Hello and welcome!
On Friday evening we gathered for vespers and dinner with the college seminarians and our seminarians who are studying English as a second language. I always enjoy these opportunities to get to know our seminarians better.
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On Tuesday, we had a Mass at the Cathedral to thank supporters of our Campaign for Catholic Schools.
We were so delighted that a number of students from Pope St. John Paul II Catholic Academy sang for us and also performed in the bell choir. Some of them told me they had just made their First Communion.
With us at the Mass and the reception that followed was Norah O’Donnell, from CBS This Morning and 60 Minutes.
She spoke about her gratitude for her own Catholic education, her career in journalism, as well as her interview with me that aired on 60 Minutes last fall.
During the evening we also heard from Jack Connors and Chris Boland, who are very much involved in supporting the Campaign.
In my remarks, I spoke about the importance of a Catholic education, and the wonderful work being done to educate youngsters especially in the urban areas of Boston.
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Wednesday was our annual convocation for priests.
Father Barron said he was originally going to speak on the theme of “Priest, Prophet and King” but he gave each of us a video on those topics. Instead, he addressed three other aspects of the spiritual life of the priest. First, he talked about the importance of finding your “center” in a personal relationship with Christ. Secondly, he spoke about acknowledging that we are sinners. Thirdly, he said that we must realize that our life is not all about us, but that all of us are part of God’s plan and that we have a mission.
It is always a delight to hear Father Barron. He is not only a very eloquent speaker, but he is able to draw from his great knowledge of popular culture and connect that to his themes of theology.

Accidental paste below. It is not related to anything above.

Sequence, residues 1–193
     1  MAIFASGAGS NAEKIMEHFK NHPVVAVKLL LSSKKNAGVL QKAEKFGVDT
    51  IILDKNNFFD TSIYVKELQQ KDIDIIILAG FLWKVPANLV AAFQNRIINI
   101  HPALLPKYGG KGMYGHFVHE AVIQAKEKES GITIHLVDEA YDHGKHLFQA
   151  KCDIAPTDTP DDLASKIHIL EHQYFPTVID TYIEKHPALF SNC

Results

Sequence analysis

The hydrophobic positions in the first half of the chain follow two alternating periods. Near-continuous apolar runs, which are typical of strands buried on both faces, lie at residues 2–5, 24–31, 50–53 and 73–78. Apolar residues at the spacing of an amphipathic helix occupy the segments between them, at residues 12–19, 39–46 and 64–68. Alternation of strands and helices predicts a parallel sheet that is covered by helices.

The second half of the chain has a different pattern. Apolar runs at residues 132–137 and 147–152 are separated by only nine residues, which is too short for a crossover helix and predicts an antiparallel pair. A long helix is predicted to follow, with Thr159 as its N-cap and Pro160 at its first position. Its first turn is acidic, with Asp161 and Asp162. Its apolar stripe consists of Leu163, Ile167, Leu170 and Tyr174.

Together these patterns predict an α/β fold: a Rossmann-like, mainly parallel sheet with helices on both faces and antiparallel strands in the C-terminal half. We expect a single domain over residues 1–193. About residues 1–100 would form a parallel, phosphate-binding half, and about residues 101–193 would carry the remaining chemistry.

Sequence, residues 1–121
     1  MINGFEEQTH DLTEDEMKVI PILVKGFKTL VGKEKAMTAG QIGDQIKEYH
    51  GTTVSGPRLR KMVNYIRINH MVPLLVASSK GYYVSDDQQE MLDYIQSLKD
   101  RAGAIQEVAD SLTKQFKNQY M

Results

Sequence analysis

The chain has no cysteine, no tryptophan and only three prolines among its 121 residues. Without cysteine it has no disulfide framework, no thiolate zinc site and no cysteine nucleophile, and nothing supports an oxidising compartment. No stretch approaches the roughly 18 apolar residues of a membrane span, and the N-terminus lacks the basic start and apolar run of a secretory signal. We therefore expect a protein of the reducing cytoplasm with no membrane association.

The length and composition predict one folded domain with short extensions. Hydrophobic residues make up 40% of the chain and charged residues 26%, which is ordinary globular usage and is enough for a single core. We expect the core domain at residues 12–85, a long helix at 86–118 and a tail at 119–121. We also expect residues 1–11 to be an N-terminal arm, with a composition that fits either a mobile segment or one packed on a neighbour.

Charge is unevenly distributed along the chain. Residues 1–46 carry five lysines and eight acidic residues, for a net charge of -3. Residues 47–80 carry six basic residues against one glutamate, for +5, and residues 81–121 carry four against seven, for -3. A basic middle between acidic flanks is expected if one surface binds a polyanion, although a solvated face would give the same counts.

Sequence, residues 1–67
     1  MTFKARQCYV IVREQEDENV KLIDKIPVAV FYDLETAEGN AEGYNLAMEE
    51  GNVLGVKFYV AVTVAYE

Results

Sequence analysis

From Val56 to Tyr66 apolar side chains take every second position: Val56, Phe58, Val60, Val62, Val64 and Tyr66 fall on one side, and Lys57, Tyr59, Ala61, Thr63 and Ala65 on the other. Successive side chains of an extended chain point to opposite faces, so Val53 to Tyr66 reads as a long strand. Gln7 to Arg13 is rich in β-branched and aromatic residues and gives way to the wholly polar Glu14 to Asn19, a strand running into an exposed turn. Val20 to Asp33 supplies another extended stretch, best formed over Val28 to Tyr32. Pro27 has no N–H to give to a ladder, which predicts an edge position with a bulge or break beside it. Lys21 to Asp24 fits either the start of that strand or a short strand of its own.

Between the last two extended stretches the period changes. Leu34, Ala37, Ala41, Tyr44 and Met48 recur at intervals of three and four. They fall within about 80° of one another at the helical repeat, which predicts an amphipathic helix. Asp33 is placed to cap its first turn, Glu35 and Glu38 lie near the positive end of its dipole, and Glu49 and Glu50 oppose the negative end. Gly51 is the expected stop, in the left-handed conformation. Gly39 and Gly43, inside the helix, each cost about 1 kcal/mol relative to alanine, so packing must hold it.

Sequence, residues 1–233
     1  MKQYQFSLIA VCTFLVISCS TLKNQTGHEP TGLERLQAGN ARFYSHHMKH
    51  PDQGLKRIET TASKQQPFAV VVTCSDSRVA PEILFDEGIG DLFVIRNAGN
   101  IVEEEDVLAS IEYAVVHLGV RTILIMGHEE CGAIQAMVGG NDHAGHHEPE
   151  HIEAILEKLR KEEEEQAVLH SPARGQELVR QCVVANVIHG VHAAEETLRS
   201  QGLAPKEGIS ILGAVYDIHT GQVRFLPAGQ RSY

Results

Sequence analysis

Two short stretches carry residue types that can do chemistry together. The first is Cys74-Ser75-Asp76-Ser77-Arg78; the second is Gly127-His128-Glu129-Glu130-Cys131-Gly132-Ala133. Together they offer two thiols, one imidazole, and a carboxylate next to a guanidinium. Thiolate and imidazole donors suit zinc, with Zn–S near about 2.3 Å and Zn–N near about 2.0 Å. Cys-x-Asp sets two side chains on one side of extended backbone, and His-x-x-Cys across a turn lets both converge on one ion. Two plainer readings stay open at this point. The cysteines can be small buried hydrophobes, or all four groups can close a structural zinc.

Father Mark O’Connell introduced Father Barron, but also offered his own reflection about the challenges and trials experienced by the priests of the Archdiocese of Boston over the last decade.
Father Mark’s address was very well received by the priests.
Towards the end of our gathering, Bishop Uglietto also addressed us, recalling our brothers in the ranks of the clergy who have died in the last few months, including several sitting pastors. He talked also about the process of Pastoral Planning.
Finally, I concluded the gathering by speaking about the importance of priestly fraternity and the pastoral challenges that we face.
I called on the priests to do a personal inventory, looking at how much time is spent on parish maintenance and taking care of the existing flock, compared to how much time is spent on outreach. That is going to be the secret of our success going forward, if we are to become a truly evangelizing Church.
I also talked about the challenges and opportunities that we have in serving two particular groups that are large — and growing — in our archdiocese: our immigrant population and our young people. We have one of largest percentages of young adults in the United States, those between 25 and 35 years of age — and that does not even count the hundreds of thousands of university students who are present in the Archdiocese of Boston. So, when they say there aren’t a lot of young people in our pews, it’s not because there aren’t a lot of young people in Boston. It certainly is a challenge — it’s the most secularized and un-churched portion of the population – but we need to be constantly praying, strategizing and working to reach out to young people and be empowering young people to be peer ministers. In particular, I mentioned how important FOCUS (The Fellowship of Catholic University Students) has been on the college level.
I know that Msgr. Bill Fay will continue the great work that Father Richard Clancy has begun in campus ministry. Going forward, we are going to look at ways to better serve schools where commuters make up a large portion of the student population. Of course, it is more of a challenge to provide campus ministry in those places because the students are not in residence, but it is a population that we need to turn our attention toward.
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Finally this week, I want to ask all of you to continue to work and pray for those who are suffering in Nepal. Having experienced small earthquakes, I can only imagine the terror that the people in Nepal have experienced in recent days.
Here in the archdiocese, we have already begun to take up collections to support the work of Catholic Relief Services, the relief arm of the U.S. Conference of Catholic Bishops. We are very grateful for all those who show generosity at a time like this. We also encourage people to pray for the victims and their families — people who, in many cases, have not only lost loved ones but also their homes and their jobs and are facing terrible hardships.
Until next week,